Pets

drmarion's picture

Pets can offer many benefits for seniors. Many seniors have pets they love, and often a pet is their only daily companion. It might even be easier for your senior to express affection for a pet than for some family members. Pets have been proven to reduce blood pressure and stress, and to relieve depression.

If you are considering getting a pet for a senior in your life, consider the amount of work it will require. There are some pets that are less work, such as birds or fish. Even cats require a lot less work than dogs. There are also services available in some towns where local volunteers will come in once a week to clean the birdcage or fish tank. Having a pet is both an added variable and a mixed blessing for your elder, but I do encourage it. Being responsible for another living being can bring great rewards, especially for those elderly who live alone. The pet becomes someone to talk to, and a loyal companion who will keep secrets.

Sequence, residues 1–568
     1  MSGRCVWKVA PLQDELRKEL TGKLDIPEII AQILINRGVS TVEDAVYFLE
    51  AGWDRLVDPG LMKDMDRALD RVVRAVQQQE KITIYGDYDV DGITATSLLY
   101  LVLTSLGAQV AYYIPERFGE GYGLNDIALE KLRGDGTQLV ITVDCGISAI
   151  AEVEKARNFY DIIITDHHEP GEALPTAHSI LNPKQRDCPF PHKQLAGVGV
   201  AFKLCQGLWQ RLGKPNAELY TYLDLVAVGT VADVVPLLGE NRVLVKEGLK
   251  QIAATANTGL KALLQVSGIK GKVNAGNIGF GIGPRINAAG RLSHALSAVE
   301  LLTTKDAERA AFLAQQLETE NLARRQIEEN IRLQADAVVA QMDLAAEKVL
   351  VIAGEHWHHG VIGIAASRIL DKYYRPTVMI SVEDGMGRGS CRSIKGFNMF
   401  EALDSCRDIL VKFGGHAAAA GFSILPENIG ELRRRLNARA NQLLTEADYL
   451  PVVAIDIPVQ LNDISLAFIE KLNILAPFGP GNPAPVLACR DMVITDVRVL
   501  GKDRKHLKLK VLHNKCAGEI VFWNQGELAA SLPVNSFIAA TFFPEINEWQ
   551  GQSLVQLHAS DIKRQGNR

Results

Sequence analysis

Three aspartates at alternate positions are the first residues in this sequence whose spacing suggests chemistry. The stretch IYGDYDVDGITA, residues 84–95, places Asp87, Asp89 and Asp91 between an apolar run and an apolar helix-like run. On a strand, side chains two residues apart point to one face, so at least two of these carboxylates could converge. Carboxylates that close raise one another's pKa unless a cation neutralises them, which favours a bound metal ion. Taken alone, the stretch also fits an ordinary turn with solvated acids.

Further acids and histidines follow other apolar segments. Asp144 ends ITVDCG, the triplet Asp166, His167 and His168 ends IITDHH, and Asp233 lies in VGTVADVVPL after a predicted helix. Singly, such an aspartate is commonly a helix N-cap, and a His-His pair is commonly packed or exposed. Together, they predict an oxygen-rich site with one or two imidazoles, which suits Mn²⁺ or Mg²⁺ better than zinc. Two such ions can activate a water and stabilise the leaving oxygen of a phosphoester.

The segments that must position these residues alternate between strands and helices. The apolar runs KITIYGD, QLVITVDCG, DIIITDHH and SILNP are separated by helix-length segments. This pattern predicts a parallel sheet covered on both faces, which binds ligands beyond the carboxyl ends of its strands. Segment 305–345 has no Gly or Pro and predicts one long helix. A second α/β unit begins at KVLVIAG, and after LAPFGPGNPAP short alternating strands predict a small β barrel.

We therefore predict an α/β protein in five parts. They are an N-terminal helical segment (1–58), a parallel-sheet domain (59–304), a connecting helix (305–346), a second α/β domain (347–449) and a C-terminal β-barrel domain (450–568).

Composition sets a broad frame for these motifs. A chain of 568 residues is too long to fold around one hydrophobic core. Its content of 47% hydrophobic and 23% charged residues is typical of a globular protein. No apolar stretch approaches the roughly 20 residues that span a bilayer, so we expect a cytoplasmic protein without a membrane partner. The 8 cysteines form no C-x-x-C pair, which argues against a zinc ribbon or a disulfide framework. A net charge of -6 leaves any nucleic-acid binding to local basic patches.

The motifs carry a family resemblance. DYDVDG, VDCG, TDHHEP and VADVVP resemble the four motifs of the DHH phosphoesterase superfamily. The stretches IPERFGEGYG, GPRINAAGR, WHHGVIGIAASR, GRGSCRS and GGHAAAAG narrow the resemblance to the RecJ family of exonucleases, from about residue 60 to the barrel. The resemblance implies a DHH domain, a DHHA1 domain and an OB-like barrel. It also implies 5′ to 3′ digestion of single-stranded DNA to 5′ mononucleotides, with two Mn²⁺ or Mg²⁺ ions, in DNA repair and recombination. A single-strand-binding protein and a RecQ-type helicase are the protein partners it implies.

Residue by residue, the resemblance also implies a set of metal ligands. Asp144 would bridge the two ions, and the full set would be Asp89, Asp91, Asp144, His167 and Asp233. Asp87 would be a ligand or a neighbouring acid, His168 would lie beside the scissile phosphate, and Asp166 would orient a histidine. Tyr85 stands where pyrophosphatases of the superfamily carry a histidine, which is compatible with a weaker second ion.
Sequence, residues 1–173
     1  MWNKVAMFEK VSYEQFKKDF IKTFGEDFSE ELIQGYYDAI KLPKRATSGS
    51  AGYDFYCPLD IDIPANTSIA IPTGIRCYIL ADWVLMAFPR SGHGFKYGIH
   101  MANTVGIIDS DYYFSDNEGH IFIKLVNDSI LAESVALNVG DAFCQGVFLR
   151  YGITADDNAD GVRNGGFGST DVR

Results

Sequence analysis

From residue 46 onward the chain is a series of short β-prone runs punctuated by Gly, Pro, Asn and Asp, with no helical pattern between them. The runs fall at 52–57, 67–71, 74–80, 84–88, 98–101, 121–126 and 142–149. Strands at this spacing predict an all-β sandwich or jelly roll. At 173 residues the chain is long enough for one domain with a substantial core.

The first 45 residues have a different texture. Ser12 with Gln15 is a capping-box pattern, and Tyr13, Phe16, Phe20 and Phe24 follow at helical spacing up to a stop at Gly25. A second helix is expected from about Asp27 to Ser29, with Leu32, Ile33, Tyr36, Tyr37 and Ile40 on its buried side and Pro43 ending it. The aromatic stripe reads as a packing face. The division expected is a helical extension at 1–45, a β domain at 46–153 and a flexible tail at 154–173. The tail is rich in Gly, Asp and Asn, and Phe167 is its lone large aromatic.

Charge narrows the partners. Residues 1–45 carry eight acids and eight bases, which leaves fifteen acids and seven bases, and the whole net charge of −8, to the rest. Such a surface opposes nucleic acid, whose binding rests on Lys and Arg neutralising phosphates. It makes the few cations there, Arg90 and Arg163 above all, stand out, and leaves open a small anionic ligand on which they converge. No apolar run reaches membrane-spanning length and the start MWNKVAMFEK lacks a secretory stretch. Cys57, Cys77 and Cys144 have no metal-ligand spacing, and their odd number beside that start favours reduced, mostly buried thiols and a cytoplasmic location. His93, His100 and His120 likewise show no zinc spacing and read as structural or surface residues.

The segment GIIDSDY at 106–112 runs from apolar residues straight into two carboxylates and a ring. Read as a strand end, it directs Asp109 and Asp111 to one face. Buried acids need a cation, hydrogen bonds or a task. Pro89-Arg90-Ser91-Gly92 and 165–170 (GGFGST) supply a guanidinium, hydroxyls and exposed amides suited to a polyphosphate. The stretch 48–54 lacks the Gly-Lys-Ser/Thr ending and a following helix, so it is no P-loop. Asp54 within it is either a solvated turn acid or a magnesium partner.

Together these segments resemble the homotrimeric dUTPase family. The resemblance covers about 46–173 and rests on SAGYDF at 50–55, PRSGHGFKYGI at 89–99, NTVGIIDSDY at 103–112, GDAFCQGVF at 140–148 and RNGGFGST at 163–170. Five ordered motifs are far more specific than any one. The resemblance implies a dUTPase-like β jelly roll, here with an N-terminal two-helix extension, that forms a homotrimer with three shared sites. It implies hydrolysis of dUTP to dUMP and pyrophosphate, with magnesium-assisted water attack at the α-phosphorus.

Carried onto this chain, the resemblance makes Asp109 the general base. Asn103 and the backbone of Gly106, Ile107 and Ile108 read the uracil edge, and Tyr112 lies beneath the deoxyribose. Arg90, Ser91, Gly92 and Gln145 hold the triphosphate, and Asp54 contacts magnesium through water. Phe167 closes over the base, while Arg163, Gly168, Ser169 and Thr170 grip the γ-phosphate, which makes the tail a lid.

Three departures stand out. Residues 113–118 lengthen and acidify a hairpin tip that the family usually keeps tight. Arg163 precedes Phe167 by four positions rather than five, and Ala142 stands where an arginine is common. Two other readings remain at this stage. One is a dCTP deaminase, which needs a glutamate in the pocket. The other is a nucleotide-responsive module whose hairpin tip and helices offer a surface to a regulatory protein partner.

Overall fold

Some pets, though, can cause problems. For example, if dogs aren’t allowed to go outside often enough, they might urinate and defecate in the home. Some elderly have been known to trip and fall over their pets. If your elder already has a pet, make sure that he is being fed, given regular exercise, and is otherwise taken care of. Think of ways you can help, such as hiring a dog walker, or having the pet wear a collar with a bell.

If regular feeding and exercise for your elder’s pet cannot be achieved, you may need to find a new home for him. But think long and hard before getting rid of any pets. Sometimes, a creative deal can be struck. One client of mine started to frequently trip over her adorable cat, but we found a neighbor to take the cat. My client then visited the neighbor to see the cat once a day and it was a great arrangement for everyone involved.

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